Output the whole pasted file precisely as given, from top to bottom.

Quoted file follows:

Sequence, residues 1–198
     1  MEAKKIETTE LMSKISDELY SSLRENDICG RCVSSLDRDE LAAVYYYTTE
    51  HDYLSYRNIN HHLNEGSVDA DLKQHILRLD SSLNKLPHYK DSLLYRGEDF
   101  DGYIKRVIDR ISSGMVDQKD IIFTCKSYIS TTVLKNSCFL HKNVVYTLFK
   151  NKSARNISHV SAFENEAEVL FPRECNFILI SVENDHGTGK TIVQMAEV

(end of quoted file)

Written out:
Sequence, residues 1–198
     1  MEAKKIETTE LMSKISDELY SSLRENDICG RCVSSLDRDE LAAVYYYTTE
    51  HDYLSYRNIN HHLNEGSVDA DLKQHILRLD SSLNKLPHYK DSLLYRGEDF
   101  DGYIKRVIDR ISSGMVDQKD IIFTCKSYIS TTVLKNSCFL HKNVVYTLFK
   151  NKSARNISHV SAFENEAEVL FPRECNFILI SVENDHGTGK TIVQMAEV